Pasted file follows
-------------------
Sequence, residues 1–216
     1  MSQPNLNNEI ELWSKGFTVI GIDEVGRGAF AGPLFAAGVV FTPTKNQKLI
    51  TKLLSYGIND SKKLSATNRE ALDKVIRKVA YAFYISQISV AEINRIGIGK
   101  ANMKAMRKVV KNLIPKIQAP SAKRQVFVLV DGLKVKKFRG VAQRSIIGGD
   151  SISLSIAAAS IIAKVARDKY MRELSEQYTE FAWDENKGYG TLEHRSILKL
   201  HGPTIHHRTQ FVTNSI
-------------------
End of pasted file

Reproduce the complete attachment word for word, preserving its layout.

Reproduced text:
Sequence, residues 1–216
     1  MSQPNLNNEI ELWSKGFTVI GIDEVGRGAF AGPLFAAGVV FTPTKNQKLI
    51  TKLLSYGIND SKKLSATNRE ALDKVIRKVA YAFYISQISV AEINRIGIGK
   101  ANMKAMRKVV KNLIPKIQAP SAKRQVFVLV DGLKVKKFRG VAQRSIIGGD
   151  SISLSIAAAS IIAKVARDKY MRELSEQYTE FAWDENKGYG TLEHRSILKL
   201  HGPTIHHRTQ FVTNSI